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Thread: Easygoing

  1. #11
    5jj's Avatar
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    Default Re: Easygoing

    Quote Originally Posted by englishhobby View Post
    Because in Webster's description of easygoing was this word "relaxed" which is associated (to me) with a low level of activity. Perhaps, Americans and the Britons have a different idea of this word?
    Some people (I am unfortunately not one of them) can work quite hard but remain relaxed.
    Last edited by 5jj; 15-Dec-2012 at 17:52. Reason: typo
    Please do not edit your question after it has received a response. Such editing can make the response hard for others to understand.


  2. #12
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    Default Re: Easygoing

    I wonder which came first, the adjective 'easygoing' or the idiomatic expression 'Easy come, easy go.'...? A visit to a decent dictionary beckons

    b

  3. #13
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    Default Re: Easygoing

    Quote Originally Posted by Barb_D View Post
    I think part of some confusion comes from "good-humo(u)red" not being the same as "having a good sense of humor."
    Interesting! And I thought that the word humour "embeded" in "good-humoured" implies having a sence of humour. So, one can be good-humoured and have no sense of humo(u)r at the same time. On the other hand, as I see it, it's very hard to deal with a person having no sense of humour (in my experience).
    If I were a native speaker of English, I would never shut up.)

  4. #14
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    Default Re: Easygoing

    Quote Originally Posted by BobK View Post
    I wonder which came first, the adjective 'easygoing' or the idiomatic expression 'Easy come, easy go.'...? A visit to a decent dictionary beckons

    b
    The verbs are more important for survival, so they definitely came first And adjectives appeared later, when Man allowed himself to relax and gaze around at others.)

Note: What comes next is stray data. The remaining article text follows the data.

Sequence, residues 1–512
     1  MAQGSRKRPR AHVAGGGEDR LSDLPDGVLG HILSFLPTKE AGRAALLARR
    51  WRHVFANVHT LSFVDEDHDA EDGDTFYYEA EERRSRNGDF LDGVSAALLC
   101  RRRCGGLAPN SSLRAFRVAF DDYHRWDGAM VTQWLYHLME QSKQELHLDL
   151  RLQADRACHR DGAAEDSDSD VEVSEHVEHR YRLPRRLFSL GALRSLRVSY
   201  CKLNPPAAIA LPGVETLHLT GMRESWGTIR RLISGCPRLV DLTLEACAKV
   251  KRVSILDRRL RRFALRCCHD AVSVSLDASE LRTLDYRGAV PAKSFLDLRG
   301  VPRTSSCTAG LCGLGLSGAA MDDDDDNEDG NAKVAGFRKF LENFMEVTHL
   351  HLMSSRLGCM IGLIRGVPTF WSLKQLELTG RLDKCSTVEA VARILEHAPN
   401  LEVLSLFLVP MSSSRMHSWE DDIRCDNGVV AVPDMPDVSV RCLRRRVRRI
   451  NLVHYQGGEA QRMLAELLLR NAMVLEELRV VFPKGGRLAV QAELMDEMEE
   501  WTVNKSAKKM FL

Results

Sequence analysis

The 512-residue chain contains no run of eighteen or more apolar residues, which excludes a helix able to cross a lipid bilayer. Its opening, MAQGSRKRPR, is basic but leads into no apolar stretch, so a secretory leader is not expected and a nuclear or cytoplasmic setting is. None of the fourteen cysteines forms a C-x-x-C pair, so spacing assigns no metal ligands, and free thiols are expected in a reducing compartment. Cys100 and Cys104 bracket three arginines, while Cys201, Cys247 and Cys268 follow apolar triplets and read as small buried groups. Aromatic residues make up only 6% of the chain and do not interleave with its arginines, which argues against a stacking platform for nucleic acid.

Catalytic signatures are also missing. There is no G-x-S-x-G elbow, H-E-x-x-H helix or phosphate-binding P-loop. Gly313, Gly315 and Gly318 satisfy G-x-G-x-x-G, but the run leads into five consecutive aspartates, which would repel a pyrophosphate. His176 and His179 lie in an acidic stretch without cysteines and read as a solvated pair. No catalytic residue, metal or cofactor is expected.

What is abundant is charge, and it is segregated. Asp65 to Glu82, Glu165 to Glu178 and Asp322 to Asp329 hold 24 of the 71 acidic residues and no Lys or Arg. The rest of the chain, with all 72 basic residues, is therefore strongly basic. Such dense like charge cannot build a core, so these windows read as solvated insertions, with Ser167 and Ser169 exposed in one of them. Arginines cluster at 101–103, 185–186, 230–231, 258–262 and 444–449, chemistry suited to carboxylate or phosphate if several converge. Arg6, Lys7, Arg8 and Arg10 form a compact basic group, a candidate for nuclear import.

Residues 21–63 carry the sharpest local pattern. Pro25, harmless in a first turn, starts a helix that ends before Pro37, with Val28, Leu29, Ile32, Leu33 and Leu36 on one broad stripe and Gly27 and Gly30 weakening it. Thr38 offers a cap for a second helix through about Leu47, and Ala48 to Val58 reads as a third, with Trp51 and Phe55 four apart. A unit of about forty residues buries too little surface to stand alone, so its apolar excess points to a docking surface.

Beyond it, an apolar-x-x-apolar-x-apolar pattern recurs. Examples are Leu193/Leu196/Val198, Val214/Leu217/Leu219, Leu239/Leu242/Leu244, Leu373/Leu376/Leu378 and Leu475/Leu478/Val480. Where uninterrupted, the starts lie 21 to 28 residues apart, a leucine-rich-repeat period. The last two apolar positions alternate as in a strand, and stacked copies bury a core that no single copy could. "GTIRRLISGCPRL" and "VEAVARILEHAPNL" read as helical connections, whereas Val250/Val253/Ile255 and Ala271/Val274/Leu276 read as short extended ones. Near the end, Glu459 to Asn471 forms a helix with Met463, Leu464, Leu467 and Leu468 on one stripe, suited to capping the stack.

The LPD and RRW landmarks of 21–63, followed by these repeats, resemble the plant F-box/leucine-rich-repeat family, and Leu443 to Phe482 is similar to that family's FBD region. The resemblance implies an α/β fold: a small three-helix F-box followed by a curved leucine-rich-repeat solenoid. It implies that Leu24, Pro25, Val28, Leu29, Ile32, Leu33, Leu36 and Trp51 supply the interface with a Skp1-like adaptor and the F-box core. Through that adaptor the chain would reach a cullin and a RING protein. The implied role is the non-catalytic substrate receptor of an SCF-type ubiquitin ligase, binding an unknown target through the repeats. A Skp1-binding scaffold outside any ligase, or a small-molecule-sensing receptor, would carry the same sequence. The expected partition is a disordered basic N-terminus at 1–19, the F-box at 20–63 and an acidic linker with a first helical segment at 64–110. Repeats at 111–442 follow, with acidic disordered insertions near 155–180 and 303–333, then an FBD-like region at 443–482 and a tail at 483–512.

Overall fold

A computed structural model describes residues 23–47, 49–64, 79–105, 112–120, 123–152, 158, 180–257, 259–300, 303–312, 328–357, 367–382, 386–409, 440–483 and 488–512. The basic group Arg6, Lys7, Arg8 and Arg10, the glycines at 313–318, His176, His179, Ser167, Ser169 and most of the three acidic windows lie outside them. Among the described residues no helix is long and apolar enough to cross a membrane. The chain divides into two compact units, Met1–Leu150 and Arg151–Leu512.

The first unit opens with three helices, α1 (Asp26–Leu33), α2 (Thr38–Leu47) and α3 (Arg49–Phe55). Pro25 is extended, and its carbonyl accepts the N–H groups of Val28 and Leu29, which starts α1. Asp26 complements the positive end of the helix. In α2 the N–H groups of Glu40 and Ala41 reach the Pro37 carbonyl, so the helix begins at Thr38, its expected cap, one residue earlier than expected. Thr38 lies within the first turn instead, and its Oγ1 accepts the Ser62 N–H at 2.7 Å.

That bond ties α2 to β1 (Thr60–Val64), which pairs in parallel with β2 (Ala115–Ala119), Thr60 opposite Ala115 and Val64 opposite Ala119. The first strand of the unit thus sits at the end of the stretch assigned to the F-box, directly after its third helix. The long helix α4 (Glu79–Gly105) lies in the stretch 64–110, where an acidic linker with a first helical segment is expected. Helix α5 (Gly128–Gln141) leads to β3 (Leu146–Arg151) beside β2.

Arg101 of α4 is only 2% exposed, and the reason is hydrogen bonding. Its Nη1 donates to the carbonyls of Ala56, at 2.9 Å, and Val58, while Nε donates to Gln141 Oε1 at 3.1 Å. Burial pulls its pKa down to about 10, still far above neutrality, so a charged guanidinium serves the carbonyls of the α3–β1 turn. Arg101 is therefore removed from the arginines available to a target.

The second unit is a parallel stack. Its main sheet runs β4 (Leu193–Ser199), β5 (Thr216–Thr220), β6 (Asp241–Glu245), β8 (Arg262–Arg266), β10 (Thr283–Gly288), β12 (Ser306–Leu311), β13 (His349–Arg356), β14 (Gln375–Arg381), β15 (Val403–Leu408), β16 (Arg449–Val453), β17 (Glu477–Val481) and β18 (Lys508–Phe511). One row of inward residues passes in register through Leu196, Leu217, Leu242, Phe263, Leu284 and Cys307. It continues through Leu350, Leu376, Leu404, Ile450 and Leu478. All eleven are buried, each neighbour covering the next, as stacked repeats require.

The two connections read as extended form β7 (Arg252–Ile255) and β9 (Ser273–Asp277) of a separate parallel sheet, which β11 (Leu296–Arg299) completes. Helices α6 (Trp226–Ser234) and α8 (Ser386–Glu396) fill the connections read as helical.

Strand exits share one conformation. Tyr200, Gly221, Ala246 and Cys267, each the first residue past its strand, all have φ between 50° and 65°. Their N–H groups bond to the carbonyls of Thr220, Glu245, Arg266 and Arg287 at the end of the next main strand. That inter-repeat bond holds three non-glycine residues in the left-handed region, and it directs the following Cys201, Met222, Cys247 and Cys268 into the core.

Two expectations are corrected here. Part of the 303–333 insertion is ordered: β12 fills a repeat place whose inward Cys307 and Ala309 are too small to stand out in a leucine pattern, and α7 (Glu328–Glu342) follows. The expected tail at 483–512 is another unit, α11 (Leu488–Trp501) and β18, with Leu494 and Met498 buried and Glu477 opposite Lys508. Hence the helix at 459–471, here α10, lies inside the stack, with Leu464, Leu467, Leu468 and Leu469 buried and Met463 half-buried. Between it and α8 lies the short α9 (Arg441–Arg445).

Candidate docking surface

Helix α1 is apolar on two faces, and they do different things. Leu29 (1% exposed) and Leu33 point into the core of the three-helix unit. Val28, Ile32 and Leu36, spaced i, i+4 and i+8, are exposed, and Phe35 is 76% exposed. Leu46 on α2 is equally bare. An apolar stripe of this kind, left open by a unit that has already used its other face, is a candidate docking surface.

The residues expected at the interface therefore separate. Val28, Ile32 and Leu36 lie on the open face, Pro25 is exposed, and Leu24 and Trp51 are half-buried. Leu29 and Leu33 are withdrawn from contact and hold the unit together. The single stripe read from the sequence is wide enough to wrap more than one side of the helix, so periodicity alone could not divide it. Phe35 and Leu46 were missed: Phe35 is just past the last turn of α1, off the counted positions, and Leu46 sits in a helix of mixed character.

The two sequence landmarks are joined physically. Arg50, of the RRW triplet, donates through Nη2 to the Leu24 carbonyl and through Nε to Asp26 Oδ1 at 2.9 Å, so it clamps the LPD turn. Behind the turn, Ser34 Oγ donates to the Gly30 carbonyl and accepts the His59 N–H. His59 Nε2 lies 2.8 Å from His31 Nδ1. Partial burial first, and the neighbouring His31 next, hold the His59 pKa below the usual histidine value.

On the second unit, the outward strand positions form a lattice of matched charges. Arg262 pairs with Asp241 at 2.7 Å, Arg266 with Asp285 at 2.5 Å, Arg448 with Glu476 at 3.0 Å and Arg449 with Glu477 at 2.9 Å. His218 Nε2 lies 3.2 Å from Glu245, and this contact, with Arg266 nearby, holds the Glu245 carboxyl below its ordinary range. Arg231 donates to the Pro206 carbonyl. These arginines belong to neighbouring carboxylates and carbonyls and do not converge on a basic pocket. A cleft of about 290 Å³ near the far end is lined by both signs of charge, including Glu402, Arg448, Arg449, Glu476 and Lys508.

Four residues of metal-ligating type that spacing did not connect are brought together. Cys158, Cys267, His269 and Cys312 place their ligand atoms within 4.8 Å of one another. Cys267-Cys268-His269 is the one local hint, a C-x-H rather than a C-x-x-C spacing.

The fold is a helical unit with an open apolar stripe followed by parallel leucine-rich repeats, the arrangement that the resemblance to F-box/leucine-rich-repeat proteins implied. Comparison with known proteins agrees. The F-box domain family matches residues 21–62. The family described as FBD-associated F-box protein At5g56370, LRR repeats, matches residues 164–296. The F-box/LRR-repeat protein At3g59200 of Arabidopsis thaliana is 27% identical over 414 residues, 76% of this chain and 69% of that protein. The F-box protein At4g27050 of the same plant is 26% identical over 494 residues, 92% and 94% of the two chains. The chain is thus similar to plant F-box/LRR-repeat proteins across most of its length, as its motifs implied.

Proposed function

If I were a native speaker of English, I would never shut up.)

  5. #15
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    Default Re: Easygoing

    As you can see from the definitions here, one's "humour" can refer to mood.

    He is in ill humour today = He is in a bad mood.
    She is very good-humoured = She is generally in a good mood.
    Last edited by emsr2d2; 15-Dec-2012 at 17:37.
    Remember - correct capitalisation, punctuation and spacing make posts much easier to read.

  6. #16
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    Default Re: Easygoing

    Quote Originally Posted by englishhobby View Post
    it's very hard to deal with a person having no sense of humour (in my experience).
    Though I know some people with a "sarcastic" variety of sense of humour who are VERY hard to deal with. So, a sense of humour really doesn't matter.
    If I were a native speaker of English, I would never shut up.)

  7. #17
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    Default Re: Easygoing

    Quote Originally Posted by 5jj View Post
    Some people (I am unforunately not one of them) can work quite hard but remain relaxed.
    Indeed, words like "relaxed" and "good-humoured" are confusing to us, non-native speakers. ) Thank you for your comment, 5jj!
    If I were a native speaker of English, I would never shut up.)

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